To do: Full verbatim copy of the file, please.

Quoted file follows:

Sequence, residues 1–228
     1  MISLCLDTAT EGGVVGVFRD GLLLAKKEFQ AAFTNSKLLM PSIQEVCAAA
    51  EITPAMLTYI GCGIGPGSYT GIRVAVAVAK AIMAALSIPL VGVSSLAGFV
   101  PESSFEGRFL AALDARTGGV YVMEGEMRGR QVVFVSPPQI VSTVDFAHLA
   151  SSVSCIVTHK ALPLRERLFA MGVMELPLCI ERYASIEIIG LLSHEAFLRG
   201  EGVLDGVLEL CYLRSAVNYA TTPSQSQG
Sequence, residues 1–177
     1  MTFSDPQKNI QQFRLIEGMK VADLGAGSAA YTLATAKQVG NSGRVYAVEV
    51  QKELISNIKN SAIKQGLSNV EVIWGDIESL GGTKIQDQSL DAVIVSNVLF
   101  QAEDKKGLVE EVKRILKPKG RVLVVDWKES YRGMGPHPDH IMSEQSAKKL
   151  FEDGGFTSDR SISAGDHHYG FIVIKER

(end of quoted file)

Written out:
Sequence, residues 1–228
     1  MISLCLDTAT EGGVVGVFRD GLLLAKKEFQ AAFTNSKLLM PSIQEVCAAA
    51  EITPAMLTYI GCGIGPGSYT GIRVAVAVAK AIMAALSIPL VGVSSLAGFV
   101  PESSFEGRFL AALDARTGGV YVMEGEMRGR QVVFVSPPQI VSTVDFAHLA
   151  SSVSCIVTHK ALPLRERLFA MGVMELPLCI ERYASIEIIG LLSHEAFLRG
   201  EGVLDGVLEL CYLRSAVNYA TTPSQSQG
Sequence, residues 1–177
     1  MTFSDPQKNI QQFRLIEGMK VADLGAGSAA YTLATAKQVG NSGRVYAVEV
    51  QKELISNIKN SAIKQGLSNV EVIWGDIESL GGTKIQDQSL DAVIVSNVLF
   101  QAEDKKGLVE EVKRILKPKG RVLVVDWKES YRGMGPHPDH IMSEQSAKKL
   151  FEDGGFTSDR SISAGDHHYG FIVIKER